Deciduous

American Elm Deciduous

Ulmus americana

For the first hundred or so years after settlement, American elm dominated community skylines across the state especially along streets where its tall, arching habit provided leafy canopies for blocks at a time. 

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American elm tree shades house.
American Hornbeam (Musclewood) Deciduous

Carpinus caroliniana

American hornbeam, also known as musclewood or blue beech, is a small, slow-growing understory tree native to hardwood forests of the eastern US and Canada.

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A closeup of the hornbeam's "muscular" trunk.
American Linden (Basswood) Deciduous

Tilia americana

American linden, also known as basswood, is native to the Missouri River basin of eastern Nebraska and extends along the Niobrara River reaching as far west as the Black Hills of western South Dakota. 

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American Plum Deciduous

Prunus americana

American plum is native throughout much of the central US, including the Great Plains. Though typically a shrubby, multi-stemmed plant, it can become a small tree with age reaching up to 20’ tall.

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American plum tree in full bloom.
American Sycamore Deciduous

Platanus occidentalis

A tree that can warm your heart even on the coldest day of winter is the American sycamore (Platanus occidentalis). American sycamore is also known as American planetree, buttonwood and buttonball tree. American sycamore is native to 36 states, including Nebraska. You can go to just about any eastern Nebraska community and find at least a few larger sycamore trees. On farms it was (and still is) often planted for shade.

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American sycamore towers above home.
Amur maple Deciduous

Acer ginnala

Amur maple is an introduced, deciduous large shrub or small tree. It can be grown as a multi-stemmed clump or trained into a small tree with a single trunk. It can also be sheared into a hedge.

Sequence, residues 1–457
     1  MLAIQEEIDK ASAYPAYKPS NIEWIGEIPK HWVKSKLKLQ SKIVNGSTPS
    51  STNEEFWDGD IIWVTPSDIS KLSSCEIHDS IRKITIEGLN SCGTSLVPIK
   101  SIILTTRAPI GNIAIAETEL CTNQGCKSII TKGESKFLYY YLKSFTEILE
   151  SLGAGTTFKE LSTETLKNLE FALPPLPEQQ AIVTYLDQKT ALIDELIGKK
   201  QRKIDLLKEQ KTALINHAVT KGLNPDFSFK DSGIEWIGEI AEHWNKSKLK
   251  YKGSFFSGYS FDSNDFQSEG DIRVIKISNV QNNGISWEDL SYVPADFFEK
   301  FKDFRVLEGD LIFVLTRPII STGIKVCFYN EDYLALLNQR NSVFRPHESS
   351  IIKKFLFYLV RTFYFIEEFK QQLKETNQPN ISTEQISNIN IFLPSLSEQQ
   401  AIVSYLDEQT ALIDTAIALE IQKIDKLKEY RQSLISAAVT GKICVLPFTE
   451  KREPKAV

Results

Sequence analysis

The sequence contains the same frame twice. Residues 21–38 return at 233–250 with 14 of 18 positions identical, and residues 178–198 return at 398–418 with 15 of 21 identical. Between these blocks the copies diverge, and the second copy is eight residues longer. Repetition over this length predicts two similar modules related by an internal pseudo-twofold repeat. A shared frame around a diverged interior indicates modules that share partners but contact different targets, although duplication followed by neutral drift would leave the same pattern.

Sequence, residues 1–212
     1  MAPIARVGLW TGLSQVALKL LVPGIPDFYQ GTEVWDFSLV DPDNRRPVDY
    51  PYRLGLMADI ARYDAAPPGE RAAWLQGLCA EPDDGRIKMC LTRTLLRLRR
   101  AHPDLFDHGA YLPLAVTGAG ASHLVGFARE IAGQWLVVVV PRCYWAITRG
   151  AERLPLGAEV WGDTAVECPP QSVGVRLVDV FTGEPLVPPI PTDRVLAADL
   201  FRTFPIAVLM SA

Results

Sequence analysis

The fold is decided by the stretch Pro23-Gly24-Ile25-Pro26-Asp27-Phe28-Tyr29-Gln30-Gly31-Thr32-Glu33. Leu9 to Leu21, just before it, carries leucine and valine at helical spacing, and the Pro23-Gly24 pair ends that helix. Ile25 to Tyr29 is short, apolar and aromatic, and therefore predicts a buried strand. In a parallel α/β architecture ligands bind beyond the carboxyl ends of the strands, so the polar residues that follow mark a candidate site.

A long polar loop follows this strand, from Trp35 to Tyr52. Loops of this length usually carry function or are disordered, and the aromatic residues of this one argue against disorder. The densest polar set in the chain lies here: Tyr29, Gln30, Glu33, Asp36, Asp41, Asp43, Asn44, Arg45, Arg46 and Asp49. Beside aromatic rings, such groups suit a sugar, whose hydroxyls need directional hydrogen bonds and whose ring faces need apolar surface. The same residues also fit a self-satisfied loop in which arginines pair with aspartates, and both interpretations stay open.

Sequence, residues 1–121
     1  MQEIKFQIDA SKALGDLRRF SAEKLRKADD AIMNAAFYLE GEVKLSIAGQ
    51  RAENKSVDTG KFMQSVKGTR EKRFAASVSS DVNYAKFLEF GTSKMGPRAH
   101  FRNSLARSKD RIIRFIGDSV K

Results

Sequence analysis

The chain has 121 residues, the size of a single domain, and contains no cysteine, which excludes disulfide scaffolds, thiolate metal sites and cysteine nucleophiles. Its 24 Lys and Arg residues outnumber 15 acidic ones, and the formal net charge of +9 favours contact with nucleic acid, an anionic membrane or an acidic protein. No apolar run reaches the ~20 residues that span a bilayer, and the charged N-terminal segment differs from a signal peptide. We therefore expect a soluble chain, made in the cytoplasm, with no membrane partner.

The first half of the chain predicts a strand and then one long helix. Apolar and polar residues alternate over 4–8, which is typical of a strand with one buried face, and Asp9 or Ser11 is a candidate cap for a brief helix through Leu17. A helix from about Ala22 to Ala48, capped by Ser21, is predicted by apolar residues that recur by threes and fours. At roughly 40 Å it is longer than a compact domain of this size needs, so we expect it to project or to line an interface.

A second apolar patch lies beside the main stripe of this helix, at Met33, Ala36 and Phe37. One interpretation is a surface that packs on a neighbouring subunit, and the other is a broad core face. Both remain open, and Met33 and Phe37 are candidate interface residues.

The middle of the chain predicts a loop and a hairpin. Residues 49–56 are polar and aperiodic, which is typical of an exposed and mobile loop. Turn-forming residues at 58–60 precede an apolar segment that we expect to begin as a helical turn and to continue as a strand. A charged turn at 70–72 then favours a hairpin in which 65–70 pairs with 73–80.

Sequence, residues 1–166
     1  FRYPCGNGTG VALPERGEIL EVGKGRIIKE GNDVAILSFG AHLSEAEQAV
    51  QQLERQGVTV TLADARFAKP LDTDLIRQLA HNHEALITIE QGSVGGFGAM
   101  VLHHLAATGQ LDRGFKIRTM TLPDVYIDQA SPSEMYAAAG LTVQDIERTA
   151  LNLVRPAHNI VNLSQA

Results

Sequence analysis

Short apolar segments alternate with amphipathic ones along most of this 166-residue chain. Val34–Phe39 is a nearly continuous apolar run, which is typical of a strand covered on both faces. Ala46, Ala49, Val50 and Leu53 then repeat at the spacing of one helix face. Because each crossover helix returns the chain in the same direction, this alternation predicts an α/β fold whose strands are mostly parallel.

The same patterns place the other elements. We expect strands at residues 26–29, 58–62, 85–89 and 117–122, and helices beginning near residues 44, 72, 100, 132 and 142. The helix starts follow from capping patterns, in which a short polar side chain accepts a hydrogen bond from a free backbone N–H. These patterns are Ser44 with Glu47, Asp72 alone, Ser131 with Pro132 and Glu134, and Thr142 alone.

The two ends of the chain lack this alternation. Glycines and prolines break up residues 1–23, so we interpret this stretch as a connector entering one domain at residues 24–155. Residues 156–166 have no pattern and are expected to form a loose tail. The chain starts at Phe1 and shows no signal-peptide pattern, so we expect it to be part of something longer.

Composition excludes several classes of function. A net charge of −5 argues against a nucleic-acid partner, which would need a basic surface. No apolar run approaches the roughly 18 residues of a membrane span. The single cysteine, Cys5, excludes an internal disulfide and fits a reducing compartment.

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Amur maple next to building.
Ash Deciduous

Fraxinus sp.

Green ash is abundant in Nebraska’s native woodlands and was commonly planted throughout the state after Dutch elm disease. However, the introduction of emerald ash borer has left the species in peril. We no longer recommend planting any native ash trees in Nebraska. 

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Native ash trees are no longer recommended for plantings.
Bitternut Hickory Deciduous

Carya cordiformis

Bitternut hickory is native to much of the eastern US and reaches its western limit in southeast Nebraska.

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Bitternut Hickory tree.
Black Locust Deciduous

Robinia pseudoacacia

Black locust is one of the most adaptable and easy-to-grow trees for the urban landscape. Due to its showy aromatic flower, it has often been planted as an ornamental, but this practice should be discouraged due to the potential for spread by root suckers.

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Black Locust flowering.
Black Oak Deciduous

Quercus velutina

Native to southeast Nebraska, black oak is similar in shape and form to red oak, the key differences being smaller, darker leaves and a darker, more furrowed bark. This is a great native tree deserving of greater planting!

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Black Oak trees.

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